Cape Cod Commission

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The Cape Cod Commission is a regional planning authority and department of Barnstable County, Massachusetts. It was created in 1990 by an Act of the Massachusetts General Court and confirmed by a majority of county voters.

In the wake of an unprecedented growth boom in the 1980s, the Cape Cod Commission Act found that the region known as Cape Cod (a geographic region largely co-extensive with Barnstable County) possesses unique natural, coastal, historical, cultural and other values which are threatened by uncoordinated or inappropriate uses of the region's land and other resources.

The Commission was established as a regional planning and regulatory agency to prepare and implement a regional land use policy plan for all of Cape Cod, review and regulate Developments of Regional Impact, and recommend designation of certain areas as Districts of Critical Planning Concern. It is funded by the Cape Cod Environmental Protection Fund.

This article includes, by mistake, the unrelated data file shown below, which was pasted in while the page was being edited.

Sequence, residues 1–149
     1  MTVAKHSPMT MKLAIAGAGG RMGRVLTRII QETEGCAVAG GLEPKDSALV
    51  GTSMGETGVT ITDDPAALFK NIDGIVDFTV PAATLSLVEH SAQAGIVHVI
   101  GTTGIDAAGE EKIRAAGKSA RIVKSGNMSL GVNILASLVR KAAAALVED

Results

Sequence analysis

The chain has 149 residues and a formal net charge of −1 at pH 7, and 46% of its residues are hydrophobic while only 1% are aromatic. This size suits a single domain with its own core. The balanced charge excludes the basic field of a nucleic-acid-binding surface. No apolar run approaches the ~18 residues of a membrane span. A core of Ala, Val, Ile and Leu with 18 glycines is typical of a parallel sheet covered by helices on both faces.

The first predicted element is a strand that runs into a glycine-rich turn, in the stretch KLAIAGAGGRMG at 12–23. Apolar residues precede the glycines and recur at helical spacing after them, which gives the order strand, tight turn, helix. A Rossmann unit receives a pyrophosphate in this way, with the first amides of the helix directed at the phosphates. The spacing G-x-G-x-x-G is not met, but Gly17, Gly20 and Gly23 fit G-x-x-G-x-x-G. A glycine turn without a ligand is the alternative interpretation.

Commission composition[edit]

The Commission is made up of 19 members representing each of Barnstable County's 15 towns as well as the County Commissioners, minorities, Native Americans, and a governor's appointee. The members are citizen volunteers who guide a professional staff to plan for Cape Cod's future growth, provide technical assistance to towns, review and vote on major developments and act as the Commission's liaison to their communities.

Commission planners and technical staff have expertise in a wide variety of areas including: landscape architecture, land use planning, economic development, affordable housing, historic preservation, wetland and wildlife resources, water resources, coastal resources, waste management, transportation planning, and computer mapping.

The Commission's work is divided into three major areas: planning and community development, technical services, and regulation.

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